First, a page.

The Kurdish party tolerates reporting of official corruption and supports narrowing defamation laws so fewer types of articles might be subject to criminal prosecution, the official said. But he also said defamatory writings intended "as a political weapon" should still be subject to prosecution. Mr. Qadir's writings would fall in this category, he said.

Mr. Qadir's case has drawn international attention and put enormous pressure on Kurdish leaders. The senior official of the K.D.P., which controls western Kurdistan, said that Mr. Qadir's sentence would be reduced to one year and that his family would be permitted to bail him out. The senior official said a court would make the ruling in the next few weeks.

But Mr. Qadir still could face serious criminal jeopardy from complaints yet to be prosecuted, said Ismael Khalil Shakeeb, the presiding criminal court judge in Erbil and one of the judges who sentenced him last month. "He has insulted many other people," he said.

Mr. Qadir, 48, credits a statement issued by the United States over the Voice of America for possibly saving his life. An American official in Baghdad said Washington had discussed the case with Kurdish officials. Delegations including Austrian officials have paid prison visits, he says, adding pressure that greatly improved his living conditions.

Kurdistan is, in most respects, the most westernized and prosperous part of the new Iraq, having experienced a decade or more of virtual independence even before the American invasion. But writers here face threats and arrest for running afoul of the K.D.P., Mr. Qadir says.

"We have no freedom of the press," he said in an interview conducted Friday afternoon in the Erbil prison. "It's all arbitrary; they can arrest anybody. I never thought I'd be a victim of the Kurds."

Mr. Qadir's complaints about curbs on press freedoms are supported by Rebin Ismael, a former senior editor of a large Kurdish newspaper who now runs an American aid organization in Erbil.

In Kurdistan, he says, it is not unusual for the secret police to threaten or arrest journalists who fail to toe the line of the K.D.P. More than a dozen journalists have been arrested in recent years, he says, but the cases are never reported on in Kurdistan because other journalists fear saying anything critical of the party.

"Generally, any journalists or writers not connected to the party are under threats," Mr. Ismael said. "If you write anything not in their interest, they will arrest you or call your cellphone and threaten you."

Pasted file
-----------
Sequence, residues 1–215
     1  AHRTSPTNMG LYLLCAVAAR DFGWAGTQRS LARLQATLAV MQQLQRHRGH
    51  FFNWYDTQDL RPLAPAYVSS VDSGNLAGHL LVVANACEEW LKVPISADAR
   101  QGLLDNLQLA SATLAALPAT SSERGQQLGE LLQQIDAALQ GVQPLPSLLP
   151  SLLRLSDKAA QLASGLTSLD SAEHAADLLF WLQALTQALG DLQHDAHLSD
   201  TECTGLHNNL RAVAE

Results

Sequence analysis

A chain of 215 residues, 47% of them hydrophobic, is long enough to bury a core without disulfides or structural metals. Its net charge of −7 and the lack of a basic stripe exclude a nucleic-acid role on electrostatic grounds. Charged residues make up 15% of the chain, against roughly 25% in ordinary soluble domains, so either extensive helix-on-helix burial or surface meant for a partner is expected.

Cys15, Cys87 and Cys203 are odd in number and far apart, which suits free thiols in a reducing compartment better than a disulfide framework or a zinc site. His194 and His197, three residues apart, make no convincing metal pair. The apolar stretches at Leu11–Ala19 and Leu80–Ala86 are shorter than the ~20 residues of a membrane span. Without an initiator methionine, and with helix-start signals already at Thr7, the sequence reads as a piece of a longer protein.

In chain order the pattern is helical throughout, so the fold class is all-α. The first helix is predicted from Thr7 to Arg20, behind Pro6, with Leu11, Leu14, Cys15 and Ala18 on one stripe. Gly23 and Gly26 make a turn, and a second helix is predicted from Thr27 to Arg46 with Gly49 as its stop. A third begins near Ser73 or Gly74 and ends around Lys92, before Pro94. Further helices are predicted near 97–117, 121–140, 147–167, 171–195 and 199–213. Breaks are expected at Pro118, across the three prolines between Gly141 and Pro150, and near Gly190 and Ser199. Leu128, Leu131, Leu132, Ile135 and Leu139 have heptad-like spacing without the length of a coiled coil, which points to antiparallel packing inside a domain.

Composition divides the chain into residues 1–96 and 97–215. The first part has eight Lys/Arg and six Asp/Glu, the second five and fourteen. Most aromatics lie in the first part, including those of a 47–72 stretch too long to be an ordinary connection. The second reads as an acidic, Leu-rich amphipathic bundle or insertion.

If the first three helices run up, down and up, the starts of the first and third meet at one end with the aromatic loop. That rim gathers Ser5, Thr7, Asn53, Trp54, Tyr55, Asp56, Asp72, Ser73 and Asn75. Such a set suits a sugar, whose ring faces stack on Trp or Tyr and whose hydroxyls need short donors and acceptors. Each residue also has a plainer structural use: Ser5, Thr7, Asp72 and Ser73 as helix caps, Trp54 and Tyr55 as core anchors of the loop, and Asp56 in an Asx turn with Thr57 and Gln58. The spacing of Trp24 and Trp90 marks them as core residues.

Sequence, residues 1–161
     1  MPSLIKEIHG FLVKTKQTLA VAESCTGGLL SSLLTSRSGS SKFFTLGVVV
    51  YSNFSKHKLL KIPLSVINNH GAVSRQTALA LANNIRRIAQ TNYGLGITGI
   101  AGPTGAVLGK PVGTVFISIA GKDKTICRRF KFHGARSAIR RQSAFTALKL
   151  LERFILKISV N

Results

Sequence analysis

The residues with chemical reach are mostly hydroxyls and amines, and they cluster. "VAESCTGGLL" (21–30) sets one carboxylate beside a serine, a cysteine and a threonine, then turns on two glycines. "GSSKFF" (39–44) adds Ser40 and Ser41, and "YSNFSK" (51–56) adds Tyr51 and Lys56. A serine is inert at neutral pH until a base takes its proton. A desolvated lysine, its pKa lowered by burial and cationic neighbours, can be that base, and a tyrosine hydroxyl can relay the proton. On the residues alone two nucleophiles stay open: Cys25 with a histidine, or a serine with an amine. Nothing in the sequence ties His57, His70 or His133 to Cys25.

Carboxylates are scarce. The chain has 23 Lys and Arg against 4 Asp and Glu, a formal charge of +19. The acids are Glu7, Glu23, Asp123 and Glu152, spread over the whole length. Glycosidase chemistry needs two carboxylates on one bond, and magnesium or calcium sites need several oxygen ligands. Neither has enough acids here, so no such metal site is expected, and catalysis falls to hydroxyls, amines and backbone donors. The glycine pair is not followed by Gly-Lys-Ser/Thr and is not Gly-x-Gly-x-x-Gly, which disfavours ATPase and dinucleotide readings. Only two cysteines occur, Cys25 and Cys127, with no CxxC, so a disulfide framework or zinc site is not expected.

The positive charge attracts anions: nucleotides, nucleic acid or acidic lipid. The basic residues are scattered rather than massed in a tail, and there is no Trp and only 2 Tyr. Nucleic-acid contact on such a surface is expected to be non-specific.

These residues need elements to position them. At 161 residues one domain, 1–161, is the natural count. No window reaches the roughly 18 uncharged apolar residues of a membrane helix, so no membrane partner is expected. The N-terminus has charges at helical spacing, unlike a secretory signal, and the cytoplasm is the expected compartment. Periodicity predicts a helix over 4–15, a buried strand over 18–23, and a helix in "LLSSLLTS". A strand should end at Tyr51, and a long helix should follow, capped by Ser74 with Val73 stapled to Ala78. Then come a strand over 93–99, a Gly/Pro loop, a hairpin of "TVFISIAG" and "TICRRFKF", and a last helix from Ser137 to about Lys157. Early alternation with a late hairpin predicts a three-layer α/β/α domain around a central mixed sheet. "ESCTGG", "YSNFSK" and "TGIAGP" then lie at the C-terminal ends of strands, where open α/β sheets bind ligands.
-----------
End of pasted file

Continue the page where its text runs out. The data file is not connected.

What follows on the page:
He said he and his wife, a Kurdish reporter whose articles have mocked the party, had not slept in their house for nearly a month, having fled after she received threatening calls.

The senior Kurdish party official described Mr. Ismael as a credible and respected journalist but took issue with his comments. Told the names of four of the writers Mr. Ismael said had been arrested, the official said the four had not been arrested but had been called to "interviews" by the police.

He said he did not know how many other journalists had submitted to such police interviews. He said only one writer aside from Mr. Qadir had been sent to prison in recent years.

Mr. Qadir, born and raised in Kurdistan, is now a citizen of Austria, where he studied and lived until 1991, when Kurdistan was effectively liberated after the Persian Gulf war. He returned to teach law and political science at Salahaddin University but clashed with the administration as he lectured students about K.D.P. abuses, he said. Nepotism and graft are still rampant today, he said.

He left the university a few years ago, he said, and returned to Austria, where he continued to write about Kurdistan for Internet publications, adopting a strident and disparaging tone that pushed his criticism well past what anyone living here would contemplate. He accused K.D.P. officials of siphoning public funds and spying for the K.G.B. and the Israeli Mossad, and he wrote that one Barzani clan member was homosexual and another had had trysts with Russian women.

He say he regrets calling Massur Barzani, the Kurdish leader's son, a pimp. But he argues that the Parastin often use prostitutes to gather information.

The senior K.D.P. official said the criticism of the Parastin and the personal attacks on the Barzanis were all false. But he admitted he did not know whether the Parastin used prostitutes to aid intelligence gathering.

If freed and allowed to stay in Kurdistan, Mr. Qadir says he will continue to criticize what he characterizes as the police-state atmosphere in Kurdistan. "I never knew Kurdistan was in this shape, where people get abducted by the secret police," he said.

www.nytimes.com